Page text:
If you are suffering from a long-term physical, mental, or medical condition which renders you unable to work, you may be an eligible recipient of cash benefits from the government’s disability benefits and income supplementation. Below are the top four frequently asked questions about social security disability claims.
What are Disability Benefits?
The Social Security Administration (SSA) governs two main programs for people with disabilities or the elderly: the Social Security Disability Insurance (SSDI), and the Supplemental Security Income (SSI). SSDI targets disabled workers who have been employed for a set number of years, while SSI was created for those with low income, few assets, and impairment.
Who are Qualified to Receive Disability Insurance or Income?
As the name implies, only people suffering from a disability may seek benefit payments. If you qualify as “disabled”, there are additional requirements that must be fulfilled depending on the type of program you applied for.
You need to show medical evidence that your disability either lasted for more than a year or may lead to death, and how this severe disability prevents you from participating in substantial “gainful activity”. You may get medical records from doctors or therapists that are treating you.
SSDI beneficiaries must have accumulated enough work credits to qualify. SSA determines the required number based on how old you were and what year your disability started. You also need to show a record of about five years of employment activity within the past ten years prior to being a disabled worker. Your FICA tax payments may also affect the amount you will receive.
SSI beneficiaries have different qualification standards depending on your state. This is because the source of funds is a partnership between the SSA and your state government. Although the criteria vary, the general requirements include being disabled or elderly (not less than 65 years old), a US citizen, and having a low income. US permanent residents, refugees, or those under military service may be eligible for SSI benefits under stricter requirements.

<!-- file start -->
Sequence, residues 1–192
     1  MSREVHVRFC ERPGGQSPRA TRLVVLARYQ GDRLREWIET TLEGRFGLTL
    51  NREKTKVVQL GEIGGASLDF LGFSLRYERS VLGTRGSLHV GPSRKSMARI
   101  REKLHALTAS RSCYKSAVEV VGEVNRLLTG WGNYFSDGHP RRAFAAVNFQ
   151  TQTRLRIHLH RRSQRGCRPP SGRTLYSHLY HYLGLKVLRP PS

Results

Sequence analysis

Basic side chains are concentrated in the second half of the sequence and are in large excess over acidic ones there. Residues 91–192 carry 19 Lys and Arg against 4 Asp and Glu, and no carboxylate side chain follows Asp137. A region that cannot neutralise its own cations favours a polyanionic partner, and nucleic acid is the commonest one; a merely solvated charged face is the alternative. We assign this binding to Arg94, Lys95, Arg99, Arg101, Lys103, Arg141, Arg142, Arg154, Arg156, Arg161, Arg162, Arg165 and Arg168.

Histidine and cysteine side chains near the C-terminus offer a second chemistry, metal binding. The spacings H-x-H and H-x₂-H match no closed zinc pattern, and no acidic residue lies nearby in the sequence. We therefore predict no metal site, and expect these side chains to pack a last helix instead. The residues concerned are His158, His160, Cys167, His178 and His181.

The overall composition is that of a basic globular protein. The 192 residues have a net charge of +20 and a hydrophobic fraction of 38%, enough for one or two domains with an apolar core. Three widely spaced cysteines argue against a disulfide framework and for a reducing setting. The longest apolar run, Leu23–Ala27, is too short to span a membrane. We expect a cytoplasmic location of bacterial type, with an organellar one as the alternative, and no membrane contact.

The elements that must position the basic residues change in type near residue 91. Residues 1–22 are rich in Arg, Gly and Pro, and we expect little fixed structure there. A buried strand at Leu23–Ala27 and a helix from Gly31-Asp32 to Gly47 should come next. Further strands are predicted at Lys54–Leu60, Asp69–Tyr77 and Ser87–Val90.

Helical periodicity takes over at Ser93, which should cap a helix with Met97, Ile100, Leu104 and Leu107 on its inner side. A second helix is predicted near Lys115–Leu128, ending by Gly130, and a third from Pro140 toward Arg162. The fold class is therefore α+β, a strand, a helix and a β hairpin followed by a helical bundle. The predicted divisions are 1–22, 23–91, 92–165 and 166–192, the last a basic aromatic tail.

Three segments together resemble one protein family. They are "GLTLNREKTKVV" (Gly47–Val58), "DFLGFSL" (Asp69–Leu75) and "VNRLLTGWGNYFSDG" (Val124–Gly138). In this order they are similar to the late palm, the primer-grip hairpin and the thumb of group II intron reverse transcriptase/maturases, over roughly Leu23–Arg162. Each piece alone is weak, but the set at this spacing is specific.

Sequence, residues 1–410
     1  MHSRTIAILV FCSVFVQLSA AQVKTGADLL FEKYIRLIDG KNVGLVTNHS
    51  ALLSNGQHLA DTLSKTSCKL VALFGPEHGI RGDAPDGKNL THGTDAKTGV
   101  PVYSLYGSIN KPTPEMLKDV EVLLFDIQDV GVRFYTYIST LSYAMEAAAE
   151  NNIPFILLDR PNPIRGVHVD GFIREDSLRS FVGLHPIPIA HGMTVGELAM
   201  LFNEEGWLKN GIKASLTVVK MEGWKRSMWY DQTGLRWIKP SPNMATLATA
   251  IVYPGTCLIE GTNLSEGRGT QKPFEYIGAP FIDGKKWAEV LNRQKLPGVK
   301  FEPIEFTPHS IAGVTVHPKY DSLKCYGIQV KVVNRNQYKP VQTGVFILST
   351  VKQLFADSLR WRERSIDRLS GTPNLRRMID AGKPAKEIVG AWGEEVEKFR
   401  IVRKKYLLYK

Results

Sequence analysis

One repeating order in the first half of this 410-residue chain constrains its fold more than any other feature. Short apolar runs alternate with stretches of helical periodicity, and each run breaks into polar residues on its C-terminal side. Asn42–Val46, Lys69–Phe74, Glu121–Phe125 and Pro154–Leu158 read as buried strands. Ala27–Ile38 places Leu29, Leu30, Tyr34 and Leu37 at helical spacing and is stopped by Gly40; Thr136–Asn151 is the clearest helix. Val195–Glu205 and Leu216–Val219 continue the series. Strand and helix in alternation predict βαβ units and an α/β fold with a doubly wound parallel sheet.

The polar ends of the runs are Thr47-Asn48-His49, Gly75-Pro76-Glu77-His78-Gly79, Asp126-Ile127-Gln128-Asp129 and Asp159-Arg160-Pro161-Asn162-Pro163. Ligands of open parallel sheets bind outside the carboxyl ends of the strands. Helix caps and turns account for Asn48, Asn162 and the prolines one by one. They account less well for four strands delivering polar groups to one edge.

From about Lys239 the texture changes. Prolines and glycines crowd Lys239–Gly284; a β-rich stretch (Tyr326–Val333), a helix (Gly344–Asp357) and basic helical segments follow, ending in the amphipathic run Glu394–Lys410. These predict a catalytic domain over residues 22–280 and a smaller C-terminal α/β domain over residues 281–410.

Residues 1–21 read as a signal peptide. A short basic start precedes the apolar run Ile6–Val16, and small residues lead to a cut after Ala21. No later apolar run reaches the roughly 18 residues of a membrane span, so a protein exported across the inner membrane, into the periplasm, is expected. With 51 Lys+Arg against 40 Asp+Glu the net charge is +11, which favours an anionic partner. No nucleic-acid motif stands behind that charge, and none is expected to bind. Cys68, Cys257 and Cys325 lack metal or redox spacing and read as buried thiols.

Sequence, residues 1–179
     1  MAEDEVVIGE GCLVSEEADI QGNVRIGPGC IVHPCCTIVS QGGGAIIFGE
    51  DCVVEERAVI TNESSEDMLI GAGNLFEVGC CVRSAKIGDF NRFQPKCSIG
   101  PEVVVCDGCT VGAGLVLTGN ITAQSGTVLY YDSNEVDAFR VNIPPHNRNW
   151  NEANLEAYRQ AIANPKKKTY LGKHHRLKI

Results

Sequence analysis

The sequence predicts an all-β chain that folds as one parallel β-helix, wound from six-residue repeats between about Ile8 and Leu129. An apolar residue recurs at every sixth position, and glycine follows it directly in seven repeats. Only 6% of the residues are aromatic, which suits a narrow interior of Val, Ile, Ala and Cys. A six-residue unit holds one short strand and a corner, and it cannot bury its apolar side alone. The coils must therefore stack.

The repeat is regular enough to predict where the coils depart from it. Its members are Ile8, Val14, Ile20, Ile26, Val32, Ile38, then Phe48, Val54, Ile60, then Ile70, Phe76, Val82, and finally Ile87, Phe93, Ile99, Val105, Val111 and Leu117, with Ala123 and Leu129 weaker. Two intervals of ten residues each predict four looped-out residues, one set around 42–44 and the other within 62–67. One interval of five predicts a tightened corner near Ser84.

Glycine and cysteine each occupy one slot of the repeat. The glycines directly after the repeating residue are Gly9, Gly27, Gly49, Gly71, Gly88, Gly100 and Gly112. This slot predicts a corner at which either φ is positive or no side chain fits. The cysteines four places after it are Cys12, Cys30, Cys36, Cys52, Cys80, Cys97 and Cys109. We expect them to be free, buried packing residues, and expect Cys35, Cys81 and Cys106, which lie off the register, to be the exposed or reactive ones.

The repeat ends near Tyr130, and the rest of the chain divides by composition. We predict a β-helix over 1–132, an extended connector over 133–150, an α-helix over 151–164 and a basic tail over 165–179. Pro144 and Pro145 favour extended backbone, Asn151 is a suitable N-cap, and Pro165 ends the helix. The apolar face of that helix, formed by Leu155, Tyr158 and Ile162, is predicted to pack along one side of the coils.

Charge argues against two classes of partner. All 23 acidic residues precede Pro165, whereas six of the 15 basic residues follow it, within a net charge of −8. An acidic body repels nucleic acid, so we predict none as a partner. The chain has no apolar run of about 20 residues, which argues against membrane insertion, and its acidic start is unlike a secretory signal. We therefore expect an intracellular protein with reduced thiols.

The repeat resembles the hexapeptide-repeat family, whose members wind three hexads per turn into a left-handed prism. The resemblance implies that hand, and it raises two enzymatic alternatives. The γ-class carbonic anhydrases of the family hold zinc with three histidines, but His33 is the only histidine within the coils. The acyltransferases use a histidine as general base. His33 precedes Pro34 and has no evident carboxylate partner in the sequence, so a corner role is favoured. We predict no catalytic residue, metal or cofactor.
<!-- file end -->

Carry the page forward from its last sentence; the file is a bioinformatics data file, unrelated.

How much Cash Benefits are Petitioners Entitled to Receive?
SSDI benefits for approved applicants include average monthly payments between $1,100 and $1,300. After 24 months of receiving these payments, they also become eligible for Medicare.
Under SSI, the amount you received from the government is calculated based on your income and property values and your state may choose to supplement this amount. As a general rule, assets must not exceed $2,000 for individuals and no greater than $3,000 for partners. Based on 2019 records. the average federal government support an individual may receive is about $771 per month, while couples can get up to $1,157 monthly. Depending on the state, you may qualify for Medicaid or food stamps once two years have elapsed since receiving your first disability cash assistance.
What Should Qualified Beneficiaries Do?
Once you have determined your eligibility on your own or with the help of a lawyer, you should apply for a disability claim with the SSA. The SSA will then call on its medical professionals and claims examiners to evaluate the validity of your request. They will evaluate you for residual functional capacity based on a predetermined listing. Once the evaluation phase is complete, you will be informed about whether you can expect to receive a monthly cash benefit.
In some instances, your claim may be denied because SSA may deem you as not disabled. In this case, you may still file an appeal but it would be best to do so with the help of a disability attorney.
If you are ready to file a claim but unsure how to go about the process, or if you wish to submit an appeal in the SSA’s decision, get legal advice. Our disability lawyers at Farmer & Wright, PPLC have over a decade of experience in handling these kinds of cases. Contact our office or visit our website to schedule a free consultation with an attorney.